The U.S. trade deficit (search) narrowed in February as a combination of the weak U.S. dollar and stronger economic growth propelled both exports and imports to record levels, a government report showed on Wednesday.

The February trade gap totaled $42.1 billion, down more than 3 percent from January and slightly below analysts' pre-report expectations of $42.5 billion.

U.S. exports leapt four percent — the highest monthly increase since October 1996 — to a record $92.4 billion, while imports rose 1.6 percent to a record $134.5 billion.

The politically sensitive trade gap with China fell nearly 28 percent in February as imports from that country slipped to $11.3 billion, the lowest level in nearly a year, and exports to China rose 17 percent to $3.0 billion.

The lower dollar appeared to help all categories of exports, as shipments of industrial supplies and materials and autos and auto parts both set records. Exports of consumer goods were only slightly below the record set in November and exports of capital goods, such as aircraft and industrial machines, were the highest since May 2001.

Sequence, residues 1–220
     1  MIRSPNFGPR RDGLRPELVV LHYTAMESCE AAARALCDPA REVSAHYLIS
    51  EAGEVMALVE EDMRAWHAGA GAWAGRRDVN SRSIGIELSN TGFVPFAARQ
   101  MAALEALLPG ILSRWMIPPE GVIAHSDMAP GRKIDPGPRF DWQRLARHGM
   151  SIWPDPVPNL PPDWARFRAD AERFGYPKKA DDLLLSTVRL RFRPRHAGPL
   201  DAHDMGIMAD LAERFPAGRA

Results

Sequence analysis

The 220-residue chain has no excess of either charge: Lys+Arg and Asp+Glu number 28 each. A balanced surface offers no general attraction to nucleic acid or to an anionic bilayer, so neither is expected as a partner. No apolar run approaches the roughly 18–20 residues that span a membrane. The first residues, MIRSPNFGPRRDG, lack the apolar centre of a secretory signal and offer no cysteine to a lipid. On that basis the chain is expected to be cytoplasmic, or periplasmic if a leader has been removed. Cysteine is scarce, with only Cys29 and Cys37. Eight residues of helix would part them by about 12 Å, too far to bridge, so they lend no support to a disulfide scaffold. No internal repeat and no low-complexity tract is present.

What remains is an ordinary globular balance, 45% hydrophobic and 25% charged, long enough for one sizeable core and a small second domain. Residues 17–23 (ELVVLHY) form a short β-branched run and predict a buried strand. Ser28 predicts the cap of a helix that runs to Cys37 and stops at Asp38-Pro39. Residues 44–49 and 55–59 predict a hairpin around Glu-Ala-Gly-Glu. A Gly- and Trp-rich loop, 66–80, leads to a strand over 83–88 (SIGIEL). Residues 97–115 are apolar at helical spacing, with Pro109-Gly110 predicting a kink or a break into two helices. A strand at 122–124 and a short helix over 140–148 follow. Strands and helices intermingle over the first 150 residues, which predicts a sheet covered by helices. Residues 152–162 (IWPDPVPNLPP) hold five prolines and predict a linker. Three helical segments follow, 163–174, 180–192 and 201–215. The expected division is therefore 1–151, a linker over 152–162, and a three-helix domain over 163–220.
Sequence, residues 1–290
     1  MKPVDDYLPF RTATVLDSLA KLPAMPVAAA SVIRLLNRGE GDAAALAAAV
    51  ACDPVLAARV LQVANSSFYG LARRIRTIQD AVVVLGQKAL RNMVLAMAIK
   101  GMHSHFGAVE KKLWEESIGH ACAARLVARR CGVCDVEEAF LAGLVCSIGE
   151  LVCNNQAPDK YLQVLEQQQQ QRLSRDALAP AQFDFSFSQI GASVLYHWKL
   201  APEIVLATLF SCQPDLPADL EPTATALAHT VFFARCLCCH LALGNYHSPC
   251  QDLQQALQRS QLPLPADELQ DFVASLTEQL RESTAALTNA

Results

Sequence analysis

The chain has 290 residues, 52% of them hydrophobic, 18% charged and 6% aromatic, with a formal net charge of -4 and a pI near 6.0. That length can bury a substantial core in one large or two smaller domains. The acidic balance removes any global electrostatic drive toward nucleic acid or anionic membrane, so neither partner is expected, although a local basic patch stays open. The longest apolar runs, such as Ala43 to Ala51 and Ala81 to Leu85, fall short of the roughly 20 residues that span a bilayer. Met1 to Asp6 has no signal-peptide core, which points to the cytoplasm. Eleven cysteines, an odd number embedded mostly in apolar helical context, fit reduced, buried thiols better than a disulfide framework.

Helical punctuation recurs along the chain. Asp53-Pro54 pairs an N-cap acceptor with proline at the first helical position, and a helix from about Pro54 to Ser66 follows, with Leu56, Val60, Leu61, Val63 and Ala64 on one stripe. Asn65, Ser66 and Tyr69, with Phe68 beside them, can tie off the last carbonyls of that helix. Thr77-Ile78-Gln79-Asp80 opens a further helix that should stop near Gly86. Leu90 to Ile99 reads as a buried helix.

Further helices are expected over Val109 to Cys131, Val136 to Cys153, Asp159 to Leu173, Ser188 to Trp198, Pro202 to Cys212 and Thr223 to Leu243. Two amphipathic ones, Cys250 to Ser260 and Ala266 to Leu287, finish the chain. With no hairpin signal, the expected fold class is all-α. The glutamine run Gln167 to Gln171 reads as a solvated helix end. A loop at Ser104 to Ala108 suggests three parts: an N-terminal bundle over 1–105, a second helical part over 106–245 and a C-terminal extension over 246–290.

Exports of services, which include travel, also set a record.

Meanwhile, the surging U.S. economy sucked in record agricultural and industrial imports, while auto and auto parts imports had their second best showing.

However, oil imports fell to their lowest level since February 2003, while average oil prices rose for the fourth consecutive month to $29.17 per barrel.

Despite the monthly improvement in the trade deficit, analysts have said it could take several quarters to see a permanent improvement, in part because the weaker dollar and production cuts by the Organization of Petroleum Exporting Countries (search) have driven up the cost of petroleum imports.